Still, using website pop-ups is very effective. It allows you to convert a passive website visitor into an active lead. For example, by offering a discount code, you can ensure that your website visitor joins your email list and perhaps makes an immediate first purchase.
With AdPage Pop-ups, you can go just a step further. Merely offering a discount may be a rather short-sighted way to convince your target audience of your product or service.
If you go searching the Internet for website popup inspiration, you'll see that most websites (such as Hubspot) reference examples with discounts. However, there are many alternatives to consider that are much more responsive to your customer journey. In this article, we dive further into this.
What are website popups?
A pop-up is a window (block) that appears on a website without any action on your part. They pop up automatically after a few seconds or when you want to leave the website.
The most common pop-ups are Cookie notifications. You visit a website and have to agree to the Cookie setting before continuing.
In addition, pop-ups are widely used by marketers with the goal of promoting certain products or services with special offers or, for example, with the goal of collecting e-mail addresses. A commonly used pop-up is the one for obtaining newsletter subscriptions.
Pop-ups come in all different shapes and sizes. For example, there are pop-ups that completely fill the screen and completely cover the page you are currently visiting, so to speak. Only when you interact with the pop-up can you continue on the page.
But you also often see smaller pop-ups that appear in the middle, bottom-left or bottom-right corner of the page. With these pop-ups, you can often just scroll further down the page without having to do anything directly with the pop-up.
Type triggers for a pop-up on your website
As mentioned, a pop-up always appears without direct action from the visitor. The rules for the pop-up to appear are set automatically when a pop-up is created. There are several triggers (starting points) for a pop-up.
1. Website abandonment
The pop-up appears when the visitor intends to leave the Web site. Once the visitor moves their cursor toward the cross to exit the page, the pop-up appears.
2. Time delay
The pop-up appears after the visitor spends x number of seconds on the page. For example: You've set the time to 5 seconds. A visitor comes to your page and starts reading. After 5 seconds, the pop-up appears.
When you visit the SuperBikes website, the popup with the discount offer will appear after about 5 seconds.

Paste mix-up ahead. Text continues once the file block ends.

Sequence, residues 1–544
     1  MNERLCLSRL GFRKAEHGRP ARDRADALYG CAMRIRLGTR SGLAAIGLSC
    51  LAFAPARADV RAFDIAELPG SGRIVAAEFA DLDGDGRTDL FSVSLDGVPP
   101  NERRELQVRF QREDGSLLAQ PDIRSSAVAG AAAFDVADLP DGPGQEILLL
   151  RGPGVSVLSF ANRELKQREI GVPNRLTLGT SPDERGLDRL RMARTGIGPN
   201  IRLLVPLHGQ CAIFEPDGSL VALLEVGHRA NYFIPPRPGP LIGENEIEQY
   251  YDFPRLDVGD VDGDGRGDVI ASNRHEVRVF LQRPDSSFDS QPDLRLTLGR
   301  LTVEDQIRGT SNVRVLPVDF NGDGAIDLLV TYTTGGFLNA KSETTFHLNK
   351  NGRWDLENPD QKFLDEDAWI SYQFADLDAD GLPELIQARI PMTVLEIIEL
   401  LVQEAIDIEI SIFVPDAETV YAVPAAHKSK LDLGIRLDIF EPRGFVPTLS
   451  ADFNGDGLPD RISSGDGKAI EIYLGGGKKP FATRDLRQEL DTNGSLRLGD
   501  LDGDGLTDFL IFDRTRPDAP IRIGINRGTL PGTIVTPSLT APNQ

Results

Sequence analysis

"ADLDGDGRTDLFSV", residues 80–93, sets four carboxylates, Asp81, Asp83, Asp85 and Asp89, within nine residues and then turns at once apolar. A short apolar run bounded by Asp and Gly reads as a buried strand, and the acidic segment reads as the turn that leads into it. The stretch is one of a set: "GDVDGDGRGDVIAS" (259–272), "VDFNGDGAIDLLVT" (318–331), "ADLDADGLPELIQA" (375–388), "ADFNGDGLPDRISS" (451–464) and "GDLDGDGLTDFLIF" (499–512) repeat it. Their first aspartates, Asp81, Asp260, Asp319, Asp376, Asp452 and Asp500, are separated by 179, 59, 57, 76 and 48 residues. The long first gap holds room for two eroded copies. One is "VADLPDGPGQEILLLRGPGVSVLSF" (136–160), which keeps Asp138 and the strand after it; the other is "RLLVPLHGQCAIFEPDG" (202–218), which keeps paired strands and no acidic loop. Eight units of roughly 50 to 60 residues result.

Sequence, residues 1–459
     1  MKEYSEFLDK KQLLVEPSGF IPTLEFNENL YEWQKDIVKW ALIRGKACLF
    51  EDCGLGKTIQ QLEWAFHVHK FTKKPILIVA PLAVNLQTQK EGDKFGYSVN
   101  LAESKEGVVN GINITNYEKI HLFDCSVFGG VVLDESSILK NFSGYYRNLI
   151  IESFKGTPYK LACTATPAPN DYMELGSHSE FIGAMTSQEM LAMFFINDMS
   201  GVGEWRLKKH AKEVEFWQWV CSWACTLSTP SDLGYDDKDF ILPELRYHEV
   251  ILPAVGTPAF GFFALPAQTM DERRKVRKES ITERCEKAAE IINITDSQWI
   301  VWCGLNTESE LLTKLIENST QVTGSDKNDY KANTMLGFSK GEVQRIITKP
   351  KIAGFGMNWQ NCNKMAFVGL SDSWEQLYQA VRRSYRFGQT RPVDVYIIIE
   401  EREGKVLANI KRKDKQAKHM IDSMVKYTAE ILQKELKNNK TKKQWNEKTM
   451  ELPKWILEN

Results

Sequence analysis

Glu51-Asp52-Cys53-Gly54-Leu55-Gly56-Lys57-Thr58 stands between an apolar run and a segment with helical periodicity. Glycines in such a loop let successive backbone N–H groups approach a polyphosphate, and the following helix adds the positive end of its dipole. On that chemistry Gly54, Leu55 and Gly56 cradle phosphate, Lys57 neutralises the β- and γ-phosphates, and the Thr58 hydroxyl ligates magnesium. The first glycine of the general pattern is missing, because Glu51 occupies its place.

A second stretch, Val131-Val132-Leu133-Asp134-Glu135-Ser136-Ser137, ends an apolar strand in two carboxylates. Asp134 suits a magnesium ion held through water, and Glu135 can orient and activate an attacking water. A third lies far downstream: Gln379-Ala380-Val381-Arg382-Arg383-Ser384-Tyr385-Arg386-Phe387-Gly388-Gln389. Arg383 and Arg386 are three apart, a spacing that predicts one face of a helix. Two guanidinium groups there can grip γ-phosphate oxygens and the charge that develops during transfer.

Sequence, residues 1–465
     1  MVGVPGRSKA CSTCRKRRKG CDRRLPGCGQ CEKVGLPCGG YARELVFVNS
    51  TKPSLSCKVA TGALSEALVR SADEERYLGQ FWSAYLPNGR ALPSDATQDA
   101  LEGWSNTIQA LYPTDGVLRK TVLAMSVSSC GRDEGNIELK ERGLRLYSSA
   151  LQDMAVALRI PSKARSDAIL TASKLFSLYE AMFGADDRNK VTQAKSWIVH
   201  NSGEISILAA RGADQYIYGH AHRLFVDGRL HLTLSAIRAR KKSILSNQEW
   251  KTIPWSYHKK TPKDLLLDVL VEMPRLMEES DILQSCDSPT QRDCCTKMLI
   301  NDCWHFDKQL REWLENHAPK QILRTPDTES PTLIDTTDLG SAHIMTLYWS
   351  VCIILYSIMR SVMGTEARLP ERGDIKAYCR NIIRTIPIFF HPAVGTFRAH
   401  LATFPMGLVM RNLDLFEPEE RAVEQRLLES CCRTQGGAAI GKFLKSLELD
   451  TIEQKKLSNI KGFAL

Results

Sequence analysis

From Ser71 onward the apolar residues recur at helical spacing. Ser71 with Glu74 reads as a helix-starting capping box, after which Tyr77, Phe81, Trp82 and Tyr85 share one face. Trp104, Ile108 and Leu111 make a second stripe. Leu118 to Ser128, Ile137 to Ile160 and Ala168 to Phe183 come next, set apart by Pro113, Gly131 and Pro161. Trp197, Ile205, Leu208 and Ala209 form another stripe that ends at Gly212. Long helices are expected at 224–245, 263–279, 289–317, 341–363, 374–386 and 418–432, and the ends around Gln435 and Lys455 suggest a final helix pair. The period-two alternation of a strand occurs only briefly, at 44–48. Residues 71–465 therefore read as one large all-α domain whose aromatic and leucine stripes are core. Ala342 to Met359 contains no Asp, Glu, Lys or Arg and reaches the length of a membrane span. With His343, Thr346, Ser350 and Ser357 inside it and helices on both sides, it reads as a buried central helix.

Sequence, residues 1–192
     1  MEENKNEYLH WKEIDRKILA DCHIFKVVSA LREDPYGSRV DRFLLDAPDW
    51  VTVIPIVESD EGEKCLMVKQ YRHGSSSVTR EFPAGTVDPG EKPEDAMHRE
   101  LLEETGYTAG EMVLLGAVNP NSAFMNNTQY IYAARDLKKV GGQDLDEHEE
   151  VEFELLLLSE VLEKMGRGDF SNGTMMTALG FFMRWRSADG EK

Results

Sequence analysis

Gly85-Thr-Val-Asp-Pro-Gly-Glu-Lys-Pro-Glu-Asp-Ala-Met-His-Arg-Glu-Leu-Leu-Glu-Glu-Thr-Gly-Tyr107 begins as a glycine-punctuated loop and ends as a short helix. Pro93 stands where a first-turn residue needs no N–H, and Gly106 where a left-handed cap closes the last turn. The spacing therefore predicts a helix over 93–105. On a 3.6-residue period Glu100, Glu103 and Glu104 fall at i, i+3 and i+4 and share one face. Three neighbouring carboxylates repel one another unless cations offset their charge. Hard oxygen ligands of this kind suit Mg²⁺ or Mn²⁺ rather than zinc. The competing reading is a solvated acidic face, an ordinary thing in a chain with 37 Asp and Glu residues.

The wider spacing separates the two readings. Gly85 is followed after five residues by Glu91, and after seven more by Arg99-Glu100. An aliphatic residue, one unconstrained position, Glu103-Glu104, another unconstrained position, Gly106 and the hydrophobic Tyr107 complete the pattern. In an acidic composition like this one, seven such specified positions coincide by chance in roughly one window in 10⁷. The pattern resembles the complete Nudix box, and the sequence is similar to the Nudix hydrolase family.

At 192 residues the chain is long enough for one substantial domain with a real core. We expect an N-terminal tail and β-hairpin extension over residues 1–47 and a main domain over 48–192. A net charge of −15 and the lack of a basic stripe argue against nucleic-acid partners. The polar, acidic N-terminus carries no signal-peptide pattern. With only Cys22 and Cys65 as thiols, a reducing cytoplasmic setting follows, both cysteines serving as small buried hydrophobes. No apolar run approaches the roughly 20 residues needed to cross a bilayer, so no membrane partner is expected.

3. Scroll pop-up
The pop-up appears when visitors on the page have scrolled to a certain percentage. For example: The scroll perecentage is set to 50% for a specific blog article. Someone visits the page with the blog article and starts reading. When the visitor has scrolled to 50%, or half of the article, the pop-up appears.
An on-click pop-up is the only exception that does require a direct action from the website visitor. The pop-up appears when the visitor has clicked on a specific Call-to-Action button. Often this pop-up is used on a landing page where a lead magnet is used. When the CTA button is clicked, the lead form appears.
There are several CTA buttons on ProVlot 's website that point to the contact form to request a brochure.
Steps to create a popup
As mentioned, pop-ups can be used in an awful lot of ways. Are you considering doing this yourself? Then proceed carefully and thoughtfully for the best possible result. We have listed the most important steps for you.
Step 1: Determine target audience and message
What target audience will you use this pop-up for? What are their interests, what do they like or what do they dislike. In addition, it is important to determine the goal. What do you want to achieve with the pop-up? For example, do you want to collect e-mail addresses, promote products or share information about your company?
Step 2: What stage of customer journey is the visitor in?
Is the pop-up mainly shown to existing customers? So for example to repeat visitors in your webshop? Then you probably use a pop-up to find out more about your customer or to make a more personal offer.
Are you going to use a pop-up to collect leads? Then you could, for example, show a pop-up with a discount code for first-time visitors to your web shop. Or when website visitors read a blog article they get a popup to request an e-book.
Step 3: Define your Call to Action
Just like on a landing page, a pop-up form will also have a call-to-action (CTA). This is usually the button that causes your website visitor to perform the desired action, i.e., submit the lead form, for example.
Make sure you use a clear and concrete CTA. In addition, it is important that the CTA does not have a high threshold.
Step 4: Personalize your pop-ups
When you deploy a pop-up for existing customers (e.g. returning web shop visitors) it is advisable to personalize your pop-ups. After all, you already have the necessary data, so why not use it?
All data from your email marketing system (such as Copernica, MailChimp or ActiveCampaign) can be used in your pop-up. For example, have you divided your customers based on Industry? Then you can make sure that the pop-up this customer sees matches the industry he or she is active in.
For example: you have a company that sells work rafts. Its customers are divided into the landscaping, construction, hospitality and cleaning industries. Once a landscaper visits your website, you want to show this visitor a pop-up with a specific action targeted to the landscaper. For example, you can also customize content based on information from your email system.
Do you just want to use a 10% discount popup or do you want to go the extra mile by applying personalization as well? The choice is yours. AdPage can facilitate either way.
Curious about the possibilities? Book a no-obligation demo with one of our specialists.